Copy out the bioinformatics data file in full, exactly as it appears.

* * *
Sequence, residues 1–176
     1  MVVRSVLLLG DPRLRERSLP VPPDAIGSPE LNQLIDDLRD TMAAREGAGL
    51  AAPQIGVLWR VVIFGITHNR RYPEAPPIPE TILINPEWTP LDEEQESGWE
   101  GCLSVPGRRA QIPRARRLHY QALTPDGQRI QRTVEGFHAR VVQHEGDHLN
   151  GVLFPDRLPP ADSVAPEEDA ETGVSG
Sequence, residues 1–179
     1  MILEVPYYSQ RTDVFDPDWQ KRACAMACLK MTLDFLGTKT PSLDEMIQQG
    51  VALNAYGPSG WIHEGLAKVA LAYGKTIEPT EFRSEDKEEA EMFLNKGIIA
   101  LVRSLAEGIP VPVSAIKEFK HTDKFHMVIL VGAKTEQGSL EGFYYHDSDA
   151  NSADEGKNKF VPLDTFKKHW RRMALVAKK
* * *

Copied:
Sequence, residues 1–176
     1  MVVRSVLLLG DPRLRERSLP VPPDAIGSPE LNQLIDDLRD TMAAREGAGL
    51  AAPQIGVLWR VVIFGITHNR RYPEAPPIPE TILINPEWTP LDEEQESGWE
   101  GCLSVPGRRA QIPRARRLHY QALTPDGQRI QRTVEGFHAR VVQHEGDHLN
   151  GVLFPDRLPP ADSVAPEEDA ETGVSG
Sequence, residues 1–179
     1  MILEVPYYSQ RTDVFDPDWQ KRACAMACLK MTLDFLGTKT PSLDEMIQQG
    51  VALNAYGPSG WIHEGLAKVA LAYGKTIEPT EFRSEDKEEA EMFLNKGIIA
   101  LVRSLAEGIP VPVSAIKEFK HTDKFHMVIL VGAKTEQGSL EGFYYHDSDA
   151  NSADEGKNKF VPLDTFKKHW RRMALVAKK